By Victoria Malaney
As I sat down to write this blog as the Scholarship and Resources Coordinator for the Multiracial Network (MRN), I was thinking of recent articles that have been published online regarding multiracial beauty. Anecdotally, as a multiracial person it was not uncommon for my siblings and I to have strangers comment on our physical looks growing up. Sometimes the comments would be, “Oh your parents did good!” or “Wow, you all are just so beautiful!”, while these comments were unexpected and flattering I was always taken aback by the strangers who amongst stopping to comment us about our looks, we would also get the follow up question, “What are you?” The typical response, “I’m… [insert racial identifiers],” would ensue.
On the other hand, when I reflect upon my personal experiences with racism, a lot of these instances have stemmed around misconceptions of my racial background and nationality. I knew that these racial comments or microaggressions were a direct result of my ambiguous physical appearance. Being Irish, Polish, Indian, and Trinidadian, among other ethnicities, yet to be determined (mixed people, you know this struggle is real) is complex, highly personal, and is unique to each person.
As a multiracial woman, I have come to understand different standards of beauty. A recent article by the National Geographic received a lot of attention, stating that by 2050 Americans will essentially be so racially mixed that they will be beautiful. When I first read the National Geographic article I was thinking, “Oh yeah, multiracial people ARE beautiful,” but, kidding aside, when I stopped to think more critically about this, I wanted this blog post to also incorporate a perspective on beauty that discusses how multiracial people tend to be overwhelmingly described as exotic. Comments that imply “all multiracial people are beautiful” can flirt a fine line between making multiracial people feel othered and even discriminated against. For example, someone can say, “Oh, wow, don’t you just have gorgeous hair,” which ,when you’re mixed, could be a compliment towards your prominent white/lighter features. Although a comment like this is well-intentioned, it can start to objectify and otherize your physical features as a mixed person, and as a mixed woman you can start to value certain physical features over others.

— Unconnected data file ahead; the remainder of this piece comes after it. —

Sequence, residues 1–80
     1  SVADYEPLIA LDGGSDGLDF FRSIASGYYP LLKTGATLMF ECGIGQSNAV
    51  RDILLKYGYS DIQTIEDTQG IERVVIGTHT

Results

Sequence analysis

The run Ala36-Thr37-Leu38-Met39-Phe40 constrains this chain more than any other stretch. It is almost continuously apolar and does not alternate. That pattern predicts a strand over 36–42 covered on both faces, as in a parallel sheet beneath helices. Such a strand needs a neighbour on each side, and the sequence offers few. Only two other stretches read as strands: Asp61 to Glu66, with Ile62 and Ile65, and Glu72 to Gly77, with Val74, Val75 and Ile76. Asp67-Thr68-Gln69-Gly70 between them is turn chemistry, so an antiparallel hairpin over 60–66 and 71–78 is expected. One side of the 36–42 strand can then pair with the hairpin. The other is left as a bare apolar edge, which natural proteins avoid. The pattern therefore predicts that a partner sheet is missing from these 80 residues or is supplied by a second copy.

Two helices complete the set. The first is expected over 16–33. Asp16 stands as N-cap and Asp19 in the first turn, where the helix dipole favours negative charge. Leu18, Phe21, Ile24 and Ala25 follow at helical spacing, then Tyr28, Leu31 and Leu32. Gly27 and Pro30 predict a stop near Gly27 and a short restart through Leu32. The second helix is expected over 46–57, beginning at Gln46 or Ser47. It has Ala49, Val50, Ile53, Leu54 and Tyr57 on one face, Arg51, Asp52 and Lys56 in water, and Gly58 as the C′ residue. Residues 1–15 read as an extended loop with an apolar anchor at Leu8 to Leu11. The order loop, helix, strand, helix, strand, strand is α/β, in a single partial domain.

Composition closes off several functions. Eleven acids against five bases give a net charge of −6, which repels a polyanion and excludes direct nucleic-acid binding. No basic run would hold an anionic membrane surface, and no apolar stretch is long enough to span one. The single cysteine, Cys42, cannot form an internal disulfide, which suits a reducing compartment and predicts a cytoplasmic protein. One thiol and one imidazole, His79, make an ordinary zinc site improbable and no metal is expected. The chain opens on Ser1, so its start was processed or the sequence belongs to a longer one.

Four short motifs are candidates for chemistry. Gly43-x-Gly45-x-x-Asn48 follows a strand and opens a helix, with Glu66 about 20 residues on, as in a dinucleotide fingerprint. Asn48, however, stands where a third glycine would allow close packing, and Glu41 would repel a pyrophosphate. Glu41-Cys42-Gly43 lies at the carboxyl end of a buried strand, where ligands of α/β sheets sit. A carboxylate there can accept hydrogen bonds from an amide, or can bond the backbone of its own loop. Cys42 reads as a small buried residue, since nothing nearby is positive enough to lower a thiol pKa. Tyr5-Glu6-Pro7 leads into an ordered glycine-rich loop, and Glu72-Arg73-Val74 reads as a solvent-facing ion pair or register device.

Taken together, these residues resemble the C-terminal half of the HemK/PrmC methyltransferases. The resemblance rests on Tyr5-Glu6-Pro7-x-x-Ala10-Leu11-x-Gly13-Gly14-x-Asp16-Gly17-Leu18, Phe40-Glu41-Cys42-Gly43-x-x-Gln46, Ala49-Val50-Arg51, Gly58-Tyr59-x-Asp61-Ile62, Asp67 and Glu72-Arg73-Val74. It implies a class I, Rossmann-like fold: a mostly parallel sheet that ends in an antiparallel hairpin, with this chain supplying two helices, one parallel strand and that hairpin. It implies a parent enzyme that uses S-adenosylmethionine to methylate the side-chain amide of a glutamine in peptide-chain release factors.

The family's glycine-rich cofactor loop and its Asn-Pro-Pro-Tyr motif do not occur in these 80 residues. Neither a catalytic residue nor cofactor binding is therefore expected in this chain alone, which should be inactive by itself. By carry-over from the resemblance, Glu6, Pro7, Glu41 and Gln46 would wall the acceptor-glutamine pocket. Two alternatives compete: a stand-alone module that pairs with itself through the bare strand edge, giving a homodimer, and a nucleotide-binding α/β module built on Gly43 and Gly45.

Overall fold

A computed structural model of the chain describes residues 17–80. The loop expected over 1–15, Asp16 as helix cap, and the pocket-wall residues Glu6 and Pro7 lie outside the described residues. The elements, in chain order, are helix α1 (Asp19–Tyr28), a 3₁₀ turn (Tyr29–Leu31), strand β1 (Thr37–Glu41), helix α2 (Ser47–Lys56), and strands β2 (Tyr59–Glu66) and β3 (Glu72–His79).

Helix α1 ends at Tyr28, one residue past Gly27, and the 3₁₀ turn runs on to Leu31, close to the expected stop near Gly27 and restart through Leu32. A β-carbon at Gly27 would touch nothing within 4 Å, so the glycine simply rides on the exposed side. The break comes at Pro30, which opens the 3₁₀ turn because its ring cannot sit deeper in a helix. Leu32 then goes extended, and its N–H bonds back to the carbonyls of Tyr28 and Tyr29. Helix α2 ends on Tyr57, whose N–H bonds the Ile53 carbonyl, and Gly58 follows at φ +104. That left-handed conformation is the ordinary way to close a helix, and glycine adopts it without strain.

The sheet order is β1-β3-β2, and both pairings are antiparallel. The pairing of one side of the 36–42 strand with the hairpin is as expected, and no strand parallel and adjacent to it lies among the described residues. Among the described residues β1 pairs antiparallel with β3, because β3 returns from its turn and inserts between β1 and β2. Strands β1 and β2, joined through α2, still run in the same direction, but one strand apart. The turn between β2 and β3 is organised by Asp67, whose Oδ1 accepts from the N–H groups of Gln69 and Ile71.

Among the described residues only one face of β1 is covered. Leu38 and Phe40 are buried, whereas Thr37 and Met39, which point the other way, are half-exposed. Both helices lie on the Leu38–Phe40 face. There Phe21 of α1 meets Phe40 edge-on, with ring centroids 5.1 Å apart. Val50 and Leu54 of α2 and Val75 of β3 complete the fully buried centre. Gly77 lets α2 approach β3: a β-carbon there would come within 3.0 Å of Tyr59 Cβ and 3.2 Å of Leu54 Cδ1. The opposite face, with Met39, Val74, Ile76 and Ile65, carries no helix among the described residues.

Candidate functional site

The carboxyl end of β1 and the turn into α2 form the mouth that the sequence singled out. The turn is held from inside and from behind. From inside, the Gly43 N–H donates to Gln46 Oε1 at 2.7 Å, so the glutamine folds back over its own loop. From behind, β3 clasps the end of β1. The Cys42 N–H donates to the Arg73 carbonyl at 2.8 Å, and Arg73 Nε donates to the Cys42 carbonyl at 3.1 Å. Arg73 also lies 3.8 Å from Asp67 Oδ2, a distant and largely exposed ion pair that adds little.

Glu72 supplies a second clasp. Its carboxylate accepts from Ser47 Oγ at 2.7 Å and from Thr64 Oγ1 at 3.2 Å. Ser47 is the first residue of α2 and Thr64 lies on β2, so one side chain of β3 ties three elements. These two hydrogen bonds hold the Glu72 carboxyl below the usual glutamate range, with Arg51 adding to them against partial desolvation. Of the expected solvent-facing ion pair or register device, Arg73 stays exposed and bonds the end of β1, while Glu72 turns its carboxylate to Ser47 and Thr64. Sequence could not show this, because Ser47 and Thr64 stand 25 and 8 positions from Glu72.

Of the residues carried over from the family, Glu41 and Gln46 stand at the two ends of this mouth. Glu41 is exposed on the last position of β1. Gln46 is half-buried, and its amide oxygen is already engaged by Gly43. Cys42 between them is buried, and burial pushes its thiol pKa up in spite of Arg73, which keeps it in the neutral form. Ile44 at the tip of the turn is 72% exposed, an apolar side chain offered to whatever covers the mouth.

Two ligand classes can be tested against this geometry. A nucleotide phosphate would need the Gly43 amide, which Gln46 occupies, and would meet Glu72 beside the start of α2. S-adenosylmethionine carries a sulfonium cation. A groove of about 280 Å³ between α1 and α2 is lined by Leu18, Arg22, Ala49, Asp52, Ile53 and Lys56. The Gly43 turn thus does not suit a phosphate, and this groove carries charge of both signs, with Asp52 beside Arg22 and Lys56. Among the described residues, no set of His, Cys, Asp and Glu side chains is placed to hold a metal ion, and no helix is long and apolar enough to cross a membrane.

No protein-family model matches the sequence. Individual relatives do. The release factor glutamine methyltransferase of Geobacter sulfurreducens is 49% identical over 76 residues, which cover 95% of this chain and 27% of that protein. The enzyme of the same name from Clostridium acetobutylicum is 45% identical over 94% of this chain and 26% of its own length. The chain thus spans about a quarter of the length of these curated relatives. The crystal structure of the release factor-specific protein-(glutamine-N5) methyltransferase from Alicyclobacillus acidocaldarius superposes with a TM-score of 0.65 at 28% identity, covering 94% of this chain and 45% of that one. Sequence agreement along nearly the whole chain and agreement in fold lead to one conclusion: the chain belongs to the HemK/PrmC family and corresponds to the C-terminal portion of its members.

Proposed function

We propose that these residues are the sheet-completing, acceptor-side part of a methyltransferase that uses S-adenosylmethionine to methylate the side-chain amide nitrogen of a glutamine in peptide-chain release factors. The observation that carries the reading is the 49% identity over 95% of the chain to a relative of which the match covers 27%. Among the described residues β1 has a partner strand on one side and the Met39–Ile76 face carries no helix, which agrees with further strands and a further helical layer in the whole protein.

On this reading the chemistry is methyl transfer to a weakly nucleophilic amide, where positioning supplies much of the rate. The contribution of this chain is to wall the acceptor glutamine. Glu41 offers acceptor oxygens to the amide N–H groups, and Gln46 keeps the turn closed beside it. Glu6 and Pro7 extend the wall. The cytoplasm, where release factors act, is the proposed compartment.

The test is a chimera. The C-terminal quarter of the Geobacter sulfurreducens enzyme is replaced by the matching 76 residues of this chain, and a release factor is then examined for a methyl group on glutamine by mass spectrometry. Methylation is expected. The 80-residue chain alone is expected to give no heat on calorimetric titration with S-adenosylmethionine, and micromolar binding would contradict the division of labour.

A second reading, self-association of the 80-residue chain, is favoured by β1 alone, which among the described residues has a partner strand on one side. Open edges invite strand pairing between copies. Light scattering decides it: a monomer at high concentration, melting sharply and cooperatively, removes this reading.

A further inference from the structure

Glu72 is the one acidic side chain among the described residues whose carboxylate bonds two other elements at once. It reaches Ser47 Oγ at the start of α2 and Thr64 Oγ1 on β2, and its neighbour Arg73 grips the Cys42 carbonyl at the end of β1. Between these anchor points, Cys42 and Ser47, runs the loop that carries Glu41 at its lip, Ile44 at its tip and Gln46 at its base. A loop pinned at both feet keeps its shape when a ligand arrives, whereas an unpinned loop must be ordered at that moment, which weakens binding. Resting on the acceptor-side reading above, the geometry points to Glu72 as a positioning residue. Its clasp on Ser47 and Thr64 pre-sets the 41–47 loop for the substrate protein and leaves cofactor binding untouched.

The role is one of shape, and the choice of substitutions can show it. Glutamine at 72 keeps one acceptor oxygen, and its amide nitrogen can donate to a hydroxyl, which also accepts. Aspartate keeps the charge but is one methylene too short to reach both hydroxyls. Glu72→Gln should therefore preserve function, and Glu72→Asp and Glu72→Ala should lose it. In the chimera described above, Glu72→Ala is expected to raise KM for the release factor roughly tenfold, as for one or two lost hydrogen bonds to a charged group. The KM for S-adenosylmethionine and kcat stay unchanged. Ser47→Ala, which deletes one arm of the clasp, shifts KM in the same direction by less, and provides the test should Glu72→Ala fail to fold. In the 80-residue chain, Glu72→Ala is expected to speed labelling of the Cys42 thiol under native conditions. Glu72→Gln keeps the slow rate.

Depending on your racial heritage, skin color, and your dominant facial features, people’s perceptions of you can influence the way you view your own beauty. From different hair colors, textures, and length, these are all a part of a person’s image. Additionally, skin color and facial features, such as eye color, nose and lip shape, all contribute to mixed notions of beauty. Different expectations are placed on women to conform to accepted beauty standards. In general, we cannot keep making the blanketed assumption that multiraciality will always be beautiful. To me, inner beauty, must also be incorporated into this conversation.
As we stand up for racism today with the YWCA’s campaign, I remember to stand against racism because discrimination and racism hurts—plain and simple. Being apart of the growing multiracial population, conversations on the complexity of race, beauty, and racial identity need to continue. As a larger community we need to educate the public about racism and its residual impacts (e.g., can cause a decline in personal self-esteem) so we can move away from hurtful racist comments towards healing. bell hooks (2003), a feminist and educator agrees: “Education is about about healing and wholeness. It is about empowerment, liberation, transcendence, about renewing the vitality of life” (p.43).
Why do you stand against racism? Do you have a story to share about your experience being exoticized as a multiracial person? What are your perceptions of beauty? Join the dialogue below. The Multiracial Network and I look forward to reading your comments below. Remember to be kind!
This post is part of the YWCA Stand Against Racism blog carnival – we invite you to join the dialogue! Post your comment below, share your story and follow the conversation on Twitter with the hashtag #StandAgainstRacism.
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